A few days ago I introduced (or for some of you, reintroduced) you to the Visionaries, one of several attempts by toy companies in the 80s to bring back the hologram as the Next Big Thing. While they weren’t successful enough to last beyond one holiday season, the toys and in particular the cartoon remain among the best childhood memories I have. Now it’s time to check our their comic from Marvel UK.

We start with a look at the four-page mini-comic given away free with Transformers and Action Force to promote the upcoming monthly back on this day, 19th March in 1988.

There was certainly a big push in the pages of this comic but from what I know that wasn’t the case in any other Marvel comic. It could be because they knew the chances of it lasting weren’t great with what was happening with the franchise in America and it would most likely end up merging. Or it could simply be because Transformers was by far their biggest selling comic at this point.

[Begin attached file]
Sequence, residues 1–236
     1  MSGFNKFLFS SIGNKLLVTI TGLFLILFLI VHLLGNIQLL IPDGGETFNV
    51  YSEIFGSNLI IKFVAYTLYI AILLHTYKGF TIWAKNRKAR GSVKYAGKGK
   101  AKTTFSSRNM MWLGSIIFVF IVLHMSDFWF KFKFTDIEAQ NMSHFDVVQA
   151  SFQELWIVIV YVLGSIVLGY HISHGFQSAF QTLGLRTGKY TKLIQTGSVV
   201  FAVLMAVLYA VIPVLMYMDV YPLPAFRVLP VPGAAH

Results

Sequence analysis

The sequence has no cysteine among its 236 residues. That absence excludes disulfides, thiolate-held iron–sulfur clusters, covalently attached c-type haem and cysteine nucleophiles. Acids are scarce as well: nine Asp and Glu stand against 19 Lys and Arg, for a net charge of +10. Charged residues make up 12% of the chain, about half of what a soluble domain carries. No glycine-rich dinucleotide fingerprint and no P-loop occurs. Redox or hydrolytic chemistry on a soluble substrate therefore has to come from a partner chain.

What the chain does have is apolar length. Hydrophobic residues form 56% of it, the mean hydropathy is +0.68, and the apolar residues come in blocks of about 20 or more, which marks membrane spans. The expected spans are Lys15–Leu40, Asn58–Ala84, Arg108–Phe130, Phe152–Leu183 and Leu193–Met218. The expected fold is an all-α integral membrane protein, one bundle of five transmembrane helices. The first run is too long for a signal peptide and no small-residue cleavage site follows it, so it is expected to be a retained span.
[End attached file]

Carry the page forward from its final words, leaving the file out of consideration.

IPC/Fleetway would give away preview issues with several titles, but maybe this was just Marvel’s way, to target the the audience most likely to read the new comic. Either way, they took centre stage in #158 with an extra four pages of higher quality print making up the the middle of the comic and the main part of the Transformation editorial was given over to the Knights of the Magical Light too.

Unlike the previous Action Force (G.I. Joe) mini-comic there’s no new material here. Instead we get highlights of the origin story of the Visionaries to come in the first two issues, a look at the toys and a competition. But there is at least one thing I hadn’t seen before getting my hands on this preview and that’s the cover image.

It really stands out n the glossier paper, in fact it’s just glorious as a result. It must’ve been a real feast for the eyes for youngsters in the middle of their weekly dose of Cybertronian action, something so completely and utterly different and new compared to what they’d been reading. The strange thing about that image is I don’t recognise half of the characters. The two main figures in the middle, the ones on the bottom-left and that craft on the top-left aren’t featured in the cartoon or the toy line. Perhaps it’s an early concept piece.